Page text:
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Boring (sorry!) to me about heated airers

(48 Posts)
StewPots Thu 08-Feb-18 21:06:30

We need a way of drying our clothes effectively in the winter and one that doesn't mean 2-3 trips to the dryers at the laundrette.

We can't have a tumble dryer as we have no space for one, plus our house is a sod for damp at the minute, so I was thinking of a heated airier, but don't know much about them.

Do they take ages to dry clothes, and how much do they dry at a time? Do they create lots of damp?

We only have electric radiators in the house (no CH) and they're expensive to keep on so drying clothes on them isn't an option.

In the summer it's a non issue as the sun hits the garden then and stuff dries in a few hours, and we can also hang lighter items ( like my work uniform) in the windows as it gets so hot there.

However I am sick and tired of lugging a huge bag of wet washing to dry to the laundrette, as well as the cost (£8-£10) each time.

Anyone got any advice?


Gwynfluff Thu 08-Feb-18 21:11:10

Found mine useless. Took ages to dry. Gave up on it. Sorry.

Think they are meant to be better with the cover thing over.

Luckycatsplat Thu 08-Feb-18 21:11:26

No experience personally but a friend stopped using hers because it just left the house damp.

Angela1472 Thu 08-Feb-18 21:13:33

We got one from Lakeland a few years ago and i couldn’t be without it in the winter months. I don’t find there’s any issue with damp but we have a fairly large room which we use it in- safe to use overnight etc and costs about 5p an hour to run.

woodlanddreamer Thu 08-Feb-18 21:13:47

If damp is a problem I don't think they will be the answer for you. All that water from the clothes has to go somewhere.

vinca Thu 08-Feb-18 21:14:11

Love mine. Put a sheet over it and it works much better. Always leave window open in the room and never had a problem with damp.
Will do a full load and it will dry overnight.
Got it from Lakeland.

Squ1ggle Thu 08-Feb-18 21:14:50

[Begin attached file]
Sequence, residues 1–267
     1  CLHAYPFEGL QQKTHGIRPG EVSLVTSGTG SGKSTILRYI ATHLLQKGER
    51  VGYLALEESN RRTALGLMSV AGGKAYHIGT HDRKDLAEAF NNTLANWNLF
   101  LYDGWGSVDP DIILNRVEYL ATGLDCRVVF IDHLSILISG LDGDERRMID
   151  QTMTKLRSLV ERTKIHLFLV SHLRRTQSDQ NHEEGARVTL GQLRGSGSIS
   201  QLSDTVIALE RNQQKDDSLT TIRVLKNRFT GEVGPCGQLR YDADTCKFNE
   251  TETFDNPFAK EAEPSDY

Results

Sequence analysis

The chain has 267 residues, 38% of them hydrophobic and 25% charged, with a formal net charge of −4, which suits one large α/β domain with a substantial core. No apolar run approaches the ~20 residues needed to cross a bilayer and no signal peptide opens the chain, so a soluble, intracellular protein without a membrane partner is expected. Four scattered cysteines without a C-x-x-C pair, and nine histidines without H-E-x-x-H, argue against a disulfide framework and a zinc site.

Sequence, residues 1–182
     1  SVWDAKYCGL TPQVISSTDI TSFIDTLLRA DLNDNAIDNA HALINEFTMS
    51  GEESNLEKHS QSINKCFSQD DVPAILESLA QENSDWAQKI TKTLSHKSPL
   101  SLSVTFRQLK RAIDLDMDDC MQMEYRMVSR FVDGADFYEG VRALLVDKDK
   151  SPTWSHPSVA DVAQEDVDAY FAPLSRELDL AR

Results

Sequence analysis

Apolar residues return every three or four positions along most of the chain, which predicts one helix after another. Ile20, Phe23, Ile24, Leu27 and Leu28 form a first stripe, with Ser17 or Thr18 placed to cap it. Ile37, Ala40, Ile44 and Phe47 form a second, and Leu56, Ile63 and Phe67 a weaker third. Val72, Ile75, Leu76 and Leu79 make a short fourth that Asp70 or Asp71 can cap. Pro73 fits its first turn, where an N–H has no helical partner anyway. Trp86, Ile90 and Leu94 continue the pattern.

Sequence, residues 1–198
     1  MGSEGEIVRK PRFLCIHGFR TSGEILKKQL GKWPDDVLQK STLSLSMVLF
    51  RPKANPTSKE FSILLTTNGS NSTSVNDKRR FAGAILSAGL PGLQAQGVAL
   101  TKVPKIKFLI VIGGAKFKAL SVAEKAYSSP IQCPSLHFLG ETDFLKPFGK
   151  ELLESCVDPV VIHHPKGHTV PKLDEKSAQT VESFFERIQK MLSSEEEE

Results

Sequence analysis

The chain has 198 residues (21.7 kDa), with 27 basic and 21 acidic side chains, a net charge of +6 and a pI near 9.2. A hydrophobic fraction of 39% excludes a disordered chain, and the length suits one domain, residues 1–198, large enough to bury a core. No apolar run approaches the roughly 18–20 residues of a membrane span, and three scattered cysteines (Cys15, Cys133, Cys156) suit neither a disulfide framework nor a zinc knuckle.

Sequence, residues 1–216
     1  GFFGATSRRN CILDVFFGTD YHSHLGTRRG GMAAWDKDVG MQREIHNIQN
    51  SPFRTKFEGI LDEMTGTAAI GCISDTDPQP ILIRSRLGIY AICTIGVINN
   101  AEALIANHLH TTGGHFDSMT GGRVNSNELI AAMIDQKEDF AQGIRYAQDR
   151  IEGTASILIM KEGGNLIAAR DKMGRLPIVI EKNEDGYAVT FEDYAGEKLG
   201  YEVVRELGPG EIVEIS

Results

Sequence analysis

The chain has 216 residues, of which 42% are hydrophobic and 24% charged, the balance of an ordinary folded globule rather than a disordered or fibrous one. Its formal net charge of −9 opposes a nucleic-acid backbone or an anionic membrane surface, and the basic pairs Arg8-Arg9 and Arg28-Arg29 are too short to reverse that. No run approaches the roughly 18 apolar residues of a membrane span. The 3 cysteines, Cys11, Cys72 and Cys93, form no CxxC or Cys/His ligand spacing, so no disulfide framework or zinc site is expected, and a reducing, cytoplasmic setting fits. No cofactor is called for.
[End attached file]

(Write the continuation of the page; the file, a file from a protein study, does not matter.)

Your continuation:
We have a Lakeland heated airer and I love it. Pop it on overnight and everything is perfectly dry when I wake up, even thick and heavy stuff. We did buy a cover for it and so have had no issues with damp (actually a novelty in our house)

MsJolly Thu 08-Feb-18 21:16:08

Love mine-have the big one from Lakeland plus the cover for it-the cover keeps all the heat in so clothes dry much more quickly without steaming up the room-a win win! So much better than clothes on the radiators everywhere

troodiedoo Thu 08-Feb-18 21:16:39

Not impressed with mine. Probably drying socks and pants is it's calling in life.

Get a standard clothes horse and a dehumidifier, much more efficient.

DrRanjsRightEyebrow Thu 08-Feb-18 21:17:08

Have a lakeland one. It's fab. I do a wash im the evening, hang up at bedtime and it's dry by morning. It's in our bedroom and I do crack a window and close the door when it's on. Not a noticeable amount of damp as it's so gradual. Make sure you get the cover for it though. A double sheet can work instead but not as efficiently as there will be gaps.

StewPots Thu 08-Feb-18 21:17:40

Thanks all, a really mixed bag so far! I'm guessing that the damp issue may be eliminated if I buy one with a cover?

We don't get damp in the bottom of the house only the top (LL currently got the builders and scaffolding in to deal with this) so possibly an option is having it there.

damekindness Thu 08-Feb-18 21:19:14

Not impressed with mine - takes up a HUGE amount of space, only dries where the clothes touch. Pointless really - prefer the old fashioned concertina non heated airers

HariboIsMyCrack Thu 08-Feb-18 21:19:46

I love mine although my washing comes out of the spin cycle reasonably dry anyway, so no damp issues. It's invaluable for airing, but I wouldn't rely on it as a sole way to dry clothes from sopping wet, simply because it doesn't get hot enough. Very cheap to run. Mine is also from Lakeland - I have the cover but have never used it.